I fully comprehend that the resulting foreshortening should be mathematically calculable in theory but where do you derive the 35.etc angle that you used.

Which gets to my isometric dimensioning workaround. I make a separate layer for dimensions and change the layer scale for the dimension layer to account for the foreshortening,e.g. dimension 1:48 drawing on a 1:59 layer. Now that I know the secret formula I will set the dimensioning layer to 1:58.7878 (i.e. the reciprocal of the cosine times the drawing scale - 1/0.81649658 * 48 = 58.7878). This works famously as long as you get your sheet visibility stuff worked out to show the dimensions over the part of the drawing your working on (it also shows that my empirical figure of 59 was a pretty good rule of thumb).

The last difficulty to work out is I can't make head nor tales of snap to object while doing this. It seems to work in some cases and not in others. I need help figuring out how the hell you input dimension values directly.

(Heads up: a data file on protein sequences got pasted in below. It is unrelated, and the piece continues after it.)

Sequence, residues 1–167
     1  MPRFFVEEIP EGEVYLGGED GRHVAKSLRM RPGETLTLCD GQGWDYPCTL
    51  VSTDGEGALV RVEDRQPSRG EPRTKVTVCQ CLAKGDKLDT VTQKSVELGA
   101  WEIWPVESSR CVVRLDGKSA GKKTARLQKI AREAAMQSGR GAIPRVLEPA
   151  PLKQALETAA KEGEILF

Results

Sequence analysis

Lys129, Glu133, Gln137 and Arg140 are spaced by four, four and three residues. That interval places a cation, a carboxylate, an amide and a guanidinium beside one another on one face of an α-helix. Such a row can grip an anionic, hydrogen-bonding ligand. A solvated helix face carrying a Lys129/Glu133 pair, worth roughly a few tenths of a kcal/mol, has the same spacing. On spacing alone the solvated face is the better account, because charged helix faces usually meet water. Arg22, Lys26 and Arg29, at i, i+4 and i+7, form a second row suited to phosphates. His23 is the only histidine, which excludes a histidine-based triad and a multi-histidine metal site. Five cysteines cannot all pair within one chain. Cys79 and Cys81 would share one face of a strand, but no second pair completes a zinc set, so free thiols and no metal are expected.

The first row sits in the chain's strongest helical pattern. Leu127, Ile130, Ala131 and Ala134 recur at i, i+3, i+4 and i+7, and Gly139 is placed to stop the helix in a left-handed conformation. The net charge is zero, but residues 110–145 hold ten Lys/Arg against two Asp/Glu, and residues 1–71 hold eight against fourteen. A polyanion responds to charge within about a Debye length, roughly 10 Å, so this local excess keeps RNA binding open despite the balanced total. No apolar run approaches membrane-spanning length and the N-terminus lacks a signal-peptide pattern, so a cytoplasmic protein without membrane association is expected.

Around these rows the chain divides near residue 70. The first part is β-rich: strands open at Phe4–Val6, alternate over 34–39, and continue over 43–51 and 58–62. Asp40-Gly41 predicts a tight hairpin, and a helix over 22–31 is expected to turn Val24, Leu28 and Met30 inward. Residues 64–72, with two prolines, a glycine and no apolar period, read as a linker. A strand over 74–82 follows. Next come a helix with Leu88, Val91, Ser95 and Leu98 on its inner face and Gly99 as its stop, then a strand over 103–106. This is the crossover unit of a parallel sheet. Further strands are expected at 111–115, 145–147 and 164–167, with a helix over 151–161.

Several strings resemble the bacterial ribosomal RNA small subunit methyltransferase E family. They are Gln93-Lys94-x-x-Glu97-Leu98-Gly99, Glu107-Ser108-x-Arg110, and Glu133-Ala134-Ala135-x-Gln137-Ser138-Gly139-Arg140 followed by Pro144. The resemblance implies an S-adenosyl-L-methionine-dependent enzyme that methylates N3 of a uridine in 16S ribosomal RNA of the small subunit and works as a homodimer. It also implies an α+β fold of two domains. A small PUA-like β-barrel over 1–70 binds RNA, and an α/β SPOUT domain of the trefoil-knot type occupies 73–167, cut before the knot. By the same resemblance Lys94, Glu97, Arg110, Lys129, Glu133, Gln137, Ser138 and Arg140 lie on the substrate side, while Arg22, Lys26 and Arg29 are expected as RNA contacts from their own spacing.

What I've been doing is making a dimension and then if it doesn't come out to my known calculated dimension in the style of drawing I'm doing I can usually just limit the precision of the dimension to force it to the length I want. This is different than actually measuring objects in three dimensions. It is noting on a three dimensional drawing measurements I already know and wish to quickly communicate. My desire is to be able to make quick isometric views with basic dimensions on them for building projects and ideas. I just want the drawing to put them in instead of printing it out and having to write the dimensions on. Call me retentive.

I can't figure out how the hell to set the default precision on the dimension tools which would save me having to go back each time and make it easier to draw the dimension in the first place.